Network Brings Cinematic Change in Bengali Cinema
Film Review: The deception lurking behind the camera, and it’s repercussions on both the viewers and makers is the heartbeat of the new Bengali movie Network.
How far can we go to fulfil our dreams? How often do we pay heed to our pricking conscious? Do we even re-evaluate our actions? What does it take to rise after falling? How fragile is the thin line of demarcation between the real and virtual? Time and again, each of us find ourselves in a juncture, where we end up in a state of dilemma. These are those inevitable turn on roads that we cannot help but cross, in the way we know best. Network brings you the hidden sham behind the narcissist human mind caught up in the superficial ways of the world. And trust me, it’s not just about one but every other person we encounter in life. Sadly, the rapidly advancing era of technology has trigged the surfacing of such shallow self-made complexities.
Abhijit Ganguly, the central character of the plot, issues a disclaimer right at the beginning, ‘Eita thik boy meets girl story na … ektu onnorokom’ (This is not just another boy meets girl story … A bit different). It is a story of revenge laced with psychological and philosophical questions … a thriller that won’t let you look away from the screen for even a second … a tale so gripping and unpredictable has been filmed after a long time. The director-writer duo Saptaswa Basu and Rini Ghosh have come up with an intriguing premise in a dark setting, filled with occasional satire. The conception and its execution set a new benchmark for Bengali films, winning over the audience’s heart in no time. Network is one of those crafts that deserve critical mention, especially because of the commendation efforts of fresh minds weaving in fresh perspectives.
One cannot miss Saswata Chatterjee’s substantive brilliance enacted through his eyes and composed vibes.
His character Abhijit Ganguly is battling cancer and his lost glory. It all goes shapes fine until time he gets backstabbed by his own crew. Acutely aware of his limited, he must now seek revenge on a few rising stars, who took the shortcut to success by ruining Abhijit’s life, work, fame and peace. ‘Not everybody can handle stardom’ shifts the spotlight on the Achilles’s heal of the fragile lifestyle of celebrities, especially the new and upcoming ones. This weak nerve is what he pressed to first give an equal measure of pain and then make them regret their mistakes. ‘Ei nam ar josh diyei oder ke suffocate korte hobe’ (We will have to suffocate them in their own name and fame).
Rini Ghosh as Shreya and Indrajit Mazumdar as Raj have played their parts with professional approach, and they fit their roles perfectly. People will most definitely be curious about their future work prospects. Sabyasachi Chakrabarty as the evil corporate tycoon Arindam potrays the perfect antagonist there can be to charge Abhijit’s simple-minded. Bhaskar Banerjee as a lawyer and Abhijit’s friend tremendously supports the protagonist’s rightful urge to filter sense in vicious minds and see them fall.
It has been ages since a Bengali film has come with such veteran actors playing a varied range of roles. The product that is created when experience meets enthusiasm sets a new benchmark through this movie.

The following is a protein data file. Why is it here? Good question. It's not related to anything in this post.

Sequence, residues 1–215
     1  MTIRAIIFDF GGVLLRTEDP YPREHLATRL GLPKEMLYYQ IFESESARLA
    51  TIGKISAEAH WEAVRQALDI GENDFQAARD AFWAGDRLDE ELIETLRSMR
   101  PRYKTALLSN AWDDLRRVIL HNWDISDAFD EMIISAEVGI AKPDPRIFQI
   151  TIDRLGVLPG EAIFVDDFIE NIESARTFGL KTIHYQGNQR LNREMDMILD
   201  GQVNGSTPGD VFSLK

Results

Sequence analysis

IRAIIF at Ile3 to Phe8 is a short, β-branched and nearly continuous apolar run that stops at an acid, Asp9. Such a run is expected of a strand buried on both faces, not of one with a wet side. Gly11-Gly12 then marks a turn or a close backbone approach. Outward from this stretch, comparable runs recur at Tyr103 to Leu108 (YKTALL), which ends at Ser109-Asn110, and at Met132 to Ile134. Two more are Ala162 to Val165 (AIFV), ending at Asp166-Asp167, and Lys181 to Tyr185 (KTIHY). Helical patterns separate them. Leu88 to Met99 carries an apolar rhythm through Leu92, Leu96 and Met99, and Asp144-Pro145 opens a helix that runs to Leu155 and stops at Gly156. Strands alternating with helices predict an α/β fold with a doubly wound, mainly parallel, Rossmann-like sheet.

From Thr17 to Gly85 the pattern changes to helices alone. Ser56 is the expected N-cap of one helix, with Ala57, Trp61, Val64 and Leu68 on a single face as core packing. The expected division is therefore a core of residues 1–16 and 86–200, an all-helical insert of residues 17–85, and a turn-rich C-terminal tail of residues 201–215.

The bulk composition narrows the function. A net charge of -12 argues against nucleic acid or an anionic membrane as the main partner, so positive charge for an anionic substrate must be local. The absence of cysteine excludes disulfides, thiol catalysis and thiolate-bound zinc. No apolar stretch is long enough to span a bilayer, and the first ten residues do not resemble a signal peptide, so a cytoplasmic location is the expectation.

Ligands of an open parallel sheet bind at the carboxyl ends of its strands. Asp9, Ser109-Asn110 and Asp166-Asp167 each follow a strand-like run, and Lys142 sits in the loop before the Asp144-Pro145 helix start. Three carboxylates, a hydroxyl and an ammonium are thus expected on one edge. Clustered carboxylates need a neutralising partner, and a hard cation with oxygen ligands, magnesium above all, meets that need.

The director has employed many visual techniques to unfold the plot, and this modern format of film-making meets the global standards, making it apt for all viewers. The very themes of greed for fame, nihilism, desolation and redeeming one’s own self blends so well that the audience starts to relate to the fears and emotions of the characters on screen.The mind games of the lead players seem no different than ours. Unpredictability is the strongest point of Network as it keeps you guessing till the end, where the boundary of reel and real is blurred. ‘Ebar ei show ta reality na fiction seta dorshok i bichar korbe’ (Whether this show is reality or fictions remains for the audience to decide).
What is fiction if not reality’s mirror image. And what is reality, if not an imitation of fiction in everyday lives.
Apart from the plot, the music too is soothing. Shaan’s voice indeed uplifted the charm of the plot. It was truly a pleasure to hear him after long, that too in that same romantic feel. A huge applause to the music composers for the heart throbbing background score, which was composed accurately to bring out the depth of mystery, silence, devastation, futility in different places as demanded by the narrative. The dialogue, ‘The world is my set’ seemed to have been employed through intricacies in the making of the film as well. To summarize it all, Network has an awesome storyline and cinematography, engaging plot, relatable to life and people in general, brilliant performances with a subtle hint of serenading music.
‘Sandhankoronahole sob suddhu Nikhoj hoe jabe …’ (Find a solution else everything will simply be undiscovered) is the positive moral one derives from this movie. It’s the self-motivation that drives change, which is often triggered by external forces. Who doesn’t want to renowned? Who doesn’t desire wealth? Who would ever throw away their peace of mind? Nevertheless, there are indispensable moments, either pre-meditated or by chance, wherein these all seem pointless. However, striving for solution this simply needs a reminder from time to time, encouraging us all to stay afloat. Giving up is easy, Giving in never lets one be at ease, but sailing through is the most challenging aspect of life.After all, we are all protagonists in our own lives, and antagonist too at times.
A fine cinematic experience that skillfully renews one’s stereotypical notions about Bengali movies. If you like a film that’s out of the box, this one is for you. Please go ahead, watch it and support the work.